Today, tourism directly contributes AUD$47.5 billion to Australia’s GDP, employs 580,800 Australians and accounts for 9.6 per cent of Australia’s exports. But it was a different story 50 years ago when Tourism Research Australia (TRA) – Australia’s leading provider of tourism intelligence located within Austrade – first started collecting data!
In 1966, a flight to Sydney from London took between 29-32 hours and made five to six stops. In 2016, a flight to Sydney from London takes 21 hours with one stop.
According to Janice Wykes, TRA assistant general manager, Australia’s tourism is growing three times as fast as the rest of the economy, driven by record levels of international visitors choosing Australia as their holiday destination – and it’s an attractive destination underpinned by “… the country’s appeal as a safe, transparent and stable investment environment … figures released last week … showed Australia had welcomed more than eight million international visitors for the first time ever – an increase of 11 per cent over the previous year,” Wykes said.
Wykes said the need for evidence-based planning is more important than ever before, as Australia vies for its share of the increasing global tourism dollar.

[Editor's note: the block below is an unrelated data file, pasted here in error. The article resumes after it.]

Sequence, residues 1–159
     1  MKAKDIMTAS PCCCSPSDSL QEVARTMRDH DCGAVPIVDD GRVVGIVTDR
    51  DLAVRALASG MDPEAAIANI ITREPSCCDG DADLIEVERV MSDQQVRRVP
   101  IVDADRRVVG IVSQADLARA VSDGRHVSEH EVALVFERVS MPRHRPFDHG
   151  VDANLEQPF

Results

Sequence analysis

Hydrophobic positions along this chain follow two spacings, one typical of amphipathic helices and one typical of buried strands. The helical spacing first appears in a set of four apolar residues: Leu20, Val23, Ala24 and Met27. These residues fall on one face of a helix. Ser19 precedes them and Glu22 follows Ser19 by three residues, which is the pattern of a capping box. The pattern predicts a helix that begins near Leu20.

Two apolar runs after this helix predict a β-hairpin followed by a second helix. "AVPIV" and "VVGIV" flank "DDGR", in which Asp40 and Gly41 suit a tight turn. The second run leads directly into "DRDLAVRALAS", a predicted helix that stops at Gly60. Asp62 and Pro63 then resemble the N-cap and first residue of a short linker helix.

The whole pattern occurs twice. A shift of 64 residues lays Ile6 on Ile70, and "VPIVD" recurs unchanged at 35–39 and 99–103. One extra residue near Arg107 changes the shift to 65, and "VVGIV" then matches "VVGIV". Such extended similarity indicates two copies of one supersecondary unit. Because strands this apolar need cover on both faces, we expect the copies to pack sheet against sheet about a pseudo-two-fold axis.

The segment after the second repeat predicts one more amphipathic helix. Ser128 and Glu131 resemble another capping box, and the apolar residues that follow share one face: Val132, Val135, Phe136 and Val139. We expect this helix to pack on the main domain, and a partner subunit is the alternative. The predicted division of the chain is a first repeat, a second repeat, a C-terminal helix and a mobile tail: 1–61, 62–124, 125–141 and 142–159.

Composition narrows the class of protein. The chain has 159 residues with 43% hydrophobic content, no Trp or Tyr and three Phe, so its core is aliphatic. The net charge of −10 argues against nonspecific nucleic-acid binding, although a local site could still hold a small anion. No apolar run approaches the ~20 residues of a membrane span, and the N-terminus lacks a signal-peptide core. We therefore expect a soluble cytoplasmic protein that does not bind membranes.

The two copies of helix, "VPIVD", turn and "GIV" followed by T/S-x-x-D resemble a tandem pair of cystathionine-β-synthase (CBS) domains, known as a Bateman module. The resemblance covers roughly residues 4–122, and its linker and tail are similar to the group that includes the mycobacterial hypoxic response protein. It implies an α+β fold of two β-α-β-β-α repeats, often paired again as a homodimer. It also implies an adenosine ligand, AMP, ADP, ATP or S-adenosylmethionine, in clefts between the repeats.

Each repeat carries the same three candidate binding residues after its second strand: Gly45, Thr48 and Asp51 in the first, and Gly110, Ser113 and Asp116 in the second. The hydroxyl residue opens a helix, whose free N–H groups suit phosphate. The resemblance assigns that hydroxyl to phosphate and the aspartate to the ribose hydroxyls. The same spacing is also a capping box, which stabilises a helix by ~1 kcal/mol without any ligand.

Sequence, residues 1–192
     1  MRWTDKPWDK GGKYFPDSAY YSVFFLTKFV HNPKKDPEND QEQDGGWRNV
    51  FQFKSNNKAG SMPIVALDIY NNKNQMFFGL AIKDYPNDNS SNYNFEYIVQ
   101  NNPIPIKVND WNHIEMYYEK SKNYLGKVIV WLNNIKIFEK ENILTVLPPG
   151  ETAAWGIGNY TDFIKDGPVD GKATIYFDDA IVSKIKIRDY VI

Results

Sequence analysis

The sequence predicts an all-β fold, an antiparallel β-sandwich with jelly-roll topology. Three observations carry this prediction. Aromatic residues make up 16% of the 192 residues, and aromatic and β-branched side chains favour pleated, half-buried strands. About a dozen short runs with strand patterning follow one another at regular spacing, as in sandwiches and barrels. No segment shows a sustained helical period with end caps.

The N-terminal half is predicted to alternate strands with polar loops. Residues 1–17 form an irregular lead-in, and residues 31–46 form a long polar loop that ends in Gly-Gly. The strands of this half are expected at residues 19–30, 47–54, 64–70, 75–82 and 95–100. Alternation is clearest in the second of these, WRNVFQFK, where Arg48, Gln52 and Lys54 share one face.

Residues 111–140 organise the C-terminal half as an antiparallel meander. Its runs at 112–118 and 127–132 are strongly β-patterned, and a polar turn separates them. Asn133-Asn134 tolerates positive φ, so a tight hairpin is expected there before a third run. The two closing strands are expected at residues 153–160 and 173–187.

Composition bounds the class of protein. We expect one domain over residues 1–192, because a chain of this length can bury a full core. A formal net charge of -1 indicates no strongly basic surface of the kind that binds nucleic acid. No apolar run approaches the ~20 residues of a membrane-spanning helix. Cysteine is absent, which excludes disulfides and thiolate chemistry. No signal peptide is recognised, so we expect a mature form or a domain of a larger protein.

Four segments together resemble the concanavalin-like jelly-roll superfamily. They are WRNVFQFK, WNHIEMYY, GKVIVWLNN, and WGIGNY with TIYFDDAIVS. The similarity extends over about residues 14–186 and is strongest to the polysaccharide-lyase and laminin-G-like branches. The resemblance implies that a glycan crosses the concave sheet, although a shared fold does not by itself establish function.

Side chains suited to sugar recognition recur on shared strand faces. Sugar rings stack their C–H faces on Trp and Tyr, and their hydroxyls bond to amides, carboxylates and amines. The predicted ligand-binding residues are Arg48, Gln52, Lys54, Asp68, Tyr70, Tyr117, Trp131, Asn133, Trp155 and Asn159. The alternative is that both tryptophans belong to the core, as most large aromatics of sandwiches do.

“Much of the growth in international visitors has come from emerging countries in Asia such as China and the recovery of the Japanese and South Korean markets, driven by increasing household income and a growing middle class. This is in contrast to past decades where the majority of tourist arrivals came from traditional markets such as the United Kingdom, the United States, New Zealand, Japan, Canada and Europe,” she added.
In 1966 visitor arrivals consisted of: New Zealand and Oceania (45 per cent); the United Kingdom and Europe (22 per cent); United States and Canada (17 per cent); Asia (12 per cent) and only 200 visitors arrived from China. Fast forward 50 years and it’s a completely different picture. China is now the second largest source of international visitors, after New Zealand, with over one million visitors for 2015-16.